DSL line installations are still growing steadily, but announced cutbacks of DSL services by two providers earlier this month are the latest evidence of a shakeout in the industry.
While Prism, the New York DSL business unit of services giant Comdisco, and Jato Communications of Denver, aren't household names, both had national aspirations that haven't worked out.
Comdisco is shutting down Prism, which has about 2,000 customers in 15 cities, and plans to transition Prism's customers over to other service providers by year-end, a company spokesman says. Comdisco officials cited a couple of reasons for exiting the DSL business: slow loop provisioning from incumbent local exchange carriers and market pressure to offer low DSL service pricing.
Comdisco had acquired Prism in March 1999 with the intention of using Prism to roll out DSL to Comdisco's corporate customers across the U.S., while continuing to grow Prism's existing customer base of small-business users.
Jato, which provides wholesale business-class DSL to small and midsize businesses through resellers, isn't going to be closing its doors, but the company is shelving its national rollout plans and concentrating on the 11 second-tier markets it occupies in the Rocky Mountain, Southwestern and South Central regions of the U.S.
Jato customers outside those markets are being encouraged to find a new service provider.
Smaller DSL providers aren't the only ones re-evaluating their DSL strategies. In the last two months, Verizon purchased a 55% stake in national DSL wholesaler NorthPoint and DSL provider Covad struck a deal with SBC Communications under which Covad gets a cash investment from SBC and guaranteed resale revenue.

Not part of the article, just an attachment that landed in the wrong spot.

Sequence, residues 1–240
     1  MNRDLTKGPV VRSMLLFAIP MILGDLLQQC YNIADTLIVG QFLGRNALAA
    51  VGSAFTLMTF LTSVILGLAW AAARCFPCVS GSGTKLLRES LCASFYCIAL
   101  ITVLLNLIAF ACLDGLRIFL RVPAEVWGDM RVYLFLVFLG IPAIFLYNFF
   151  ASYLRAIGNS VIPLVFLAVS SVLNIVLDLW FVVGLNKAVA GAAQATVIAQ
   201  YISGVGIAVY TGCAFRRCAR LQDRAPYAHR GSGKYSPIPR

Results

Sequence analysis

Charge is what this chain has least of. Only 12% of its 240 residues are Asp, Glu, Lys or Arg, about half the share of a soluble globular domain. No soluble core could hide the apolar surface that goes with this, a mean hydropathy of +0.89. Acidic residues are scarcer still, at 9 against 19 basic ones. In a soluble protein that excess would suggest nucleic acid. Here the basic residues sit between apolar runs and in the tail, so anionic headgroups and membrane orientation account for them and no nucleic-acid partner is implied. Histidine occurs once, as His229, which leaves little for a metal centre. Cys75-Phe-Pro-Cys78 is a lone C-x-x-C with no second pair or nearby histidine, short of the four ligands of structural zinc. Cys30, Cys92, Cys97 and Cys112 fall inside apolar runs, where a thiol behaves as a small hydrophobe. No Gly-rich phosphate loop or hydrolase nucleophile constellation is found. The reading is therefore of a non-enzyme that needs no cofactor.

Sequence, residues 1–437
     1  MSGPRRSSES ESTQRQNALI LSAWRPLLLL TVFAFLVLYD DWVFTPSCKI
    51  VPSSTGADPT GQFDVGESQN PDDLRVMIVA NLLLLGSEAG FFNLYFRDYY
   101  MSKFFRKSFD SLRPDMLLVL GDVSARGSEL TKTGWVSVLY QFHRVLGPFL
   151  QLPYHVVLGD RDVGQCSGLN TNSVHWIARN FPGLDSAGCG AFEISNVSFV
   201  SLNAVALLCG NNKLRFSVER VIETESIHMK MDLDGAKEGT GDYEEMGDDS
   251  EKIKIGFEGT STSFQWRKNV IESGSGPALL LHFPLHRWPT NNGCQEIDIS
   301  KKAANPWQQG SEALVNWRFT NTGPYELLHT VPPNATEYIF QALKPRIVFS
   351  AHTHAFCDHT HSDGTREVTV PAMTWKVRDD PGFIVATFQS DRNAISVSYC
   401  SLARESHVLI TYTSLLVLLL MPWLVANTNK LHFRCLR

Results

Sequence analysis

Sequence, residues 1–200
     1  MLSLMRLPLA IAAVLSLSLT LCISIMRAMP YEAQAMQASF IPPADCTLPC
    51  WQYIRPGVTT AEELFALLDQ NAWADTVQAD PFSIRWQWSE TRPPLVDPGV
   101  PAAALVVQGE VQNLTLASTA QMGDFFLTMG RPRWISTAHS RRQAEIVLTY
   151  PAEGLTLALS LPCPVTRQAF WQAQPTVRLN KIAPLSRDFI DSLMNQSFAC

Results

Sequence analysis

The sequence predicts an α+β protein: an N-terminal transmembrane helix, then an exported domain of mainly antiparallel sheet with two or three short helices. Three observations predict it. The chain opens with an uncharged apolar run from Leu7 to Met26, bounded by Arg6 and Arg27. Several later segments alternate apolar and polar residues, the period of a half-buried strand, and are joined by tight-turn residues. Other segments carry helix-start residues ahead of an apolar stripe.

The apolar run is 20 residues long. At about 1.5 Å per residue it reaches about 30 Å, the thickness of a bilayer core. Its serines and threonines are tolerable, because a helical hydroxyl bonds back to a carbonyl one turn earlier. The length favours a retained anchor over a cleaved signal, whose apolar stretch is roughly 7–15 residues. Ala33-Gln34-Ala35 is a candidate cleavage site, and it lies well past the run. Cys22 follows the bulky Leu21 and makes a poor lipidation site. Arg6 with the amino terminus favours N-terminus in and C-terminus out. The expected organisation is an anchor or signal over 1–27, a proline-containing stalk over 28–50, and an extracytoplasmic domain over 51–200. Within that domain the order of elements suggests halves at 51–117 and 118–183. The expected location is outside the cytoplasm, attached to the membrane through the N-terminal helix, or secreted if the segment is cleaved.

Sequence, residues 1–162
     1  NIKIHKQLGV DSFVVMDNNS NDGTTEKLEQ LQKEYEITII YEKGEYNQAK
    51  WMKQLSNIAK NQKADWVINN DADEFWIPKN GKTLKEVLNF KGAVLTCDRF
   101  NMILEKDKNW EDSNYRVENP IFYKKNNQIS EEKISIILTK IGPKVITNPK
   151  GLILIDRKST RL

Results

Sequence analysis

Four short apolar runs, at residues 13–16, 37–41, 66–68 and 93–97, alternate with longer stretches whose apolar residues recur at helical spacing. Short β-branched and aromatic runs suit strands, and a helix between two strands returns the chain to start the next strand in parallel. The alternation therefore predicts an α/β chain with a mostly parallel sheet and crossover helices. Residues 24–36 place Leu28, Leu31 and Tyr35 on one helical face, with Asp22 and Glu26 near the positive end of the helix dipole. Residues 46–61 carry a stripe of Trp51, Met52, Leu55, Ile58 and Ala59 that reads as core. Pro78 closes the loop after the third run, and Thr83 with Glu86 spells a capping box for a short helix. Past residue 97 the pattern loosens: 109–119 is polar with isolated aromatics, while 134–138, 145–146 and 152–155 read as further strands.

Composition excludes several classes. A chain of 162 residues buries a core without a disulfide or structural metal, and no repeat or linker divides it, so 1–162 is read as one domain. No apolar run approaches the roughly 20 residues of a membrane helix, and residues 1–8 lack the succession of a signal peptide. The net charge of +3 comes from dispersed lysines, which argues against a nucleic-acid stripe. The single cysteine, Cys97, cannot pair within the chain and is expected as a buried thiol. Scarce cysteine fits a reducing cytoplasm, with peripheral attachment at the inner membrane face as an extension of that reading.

Matthew Davis, a DSL analyst with The Yankee Group in Boston, says end users shouldn't be too concerned about the consolidations and shutdowns that the DSL market is experiencing.
"If DSL providers have turned up customers, those are assets and the company would likely sell these assets to other providers," Davis explains.
Customers might see changes to their bills and minor hiccups in service during a transition from one provider to another, but they shouldn't experience major service disruptions, Davis says.
The problem with data competitive local exchange carriers (CLEC) that entered the market after Covad, Rhythms and NorthPoint, is that they entered the market six to 12 months too late, when wholesale DSL was already dying, Davis explains.
"It's not surprising they couldn't get their footprint out quickly," he says. "Once the investment guys saw the returns on investment weren't there, they put the brakes on the wholesale DSL model."
This doesn't mean the data CLEC model is dead, Davis adds. Instead of becoming national players trying to hit as many customers as possible, data CLECs will sell multiple services to clients in particular regions. These services would include voice, VPN, hosting and security.
Adam Guglielmo, an analyst with consultancy TeleChoice, says Jato had deployed gear in about 400 central offices across the U.S. and was preparing to offer nationwide service.
"My guess is they're not getting as many customers as they want and they're trying to refocus," he says.
The smaller DSL companies that seem to be having the most success are retail-focused, rather than wholesalers, Guglielmo notes.
Ultimately, Guglielmo says, DSL providers can't succeed by offering only high-speed connectivity.
"To start to gain revenue, they need to offer additional services," he says.
This story, "DSL market shakeout continues" was originally published by NetworkWorld.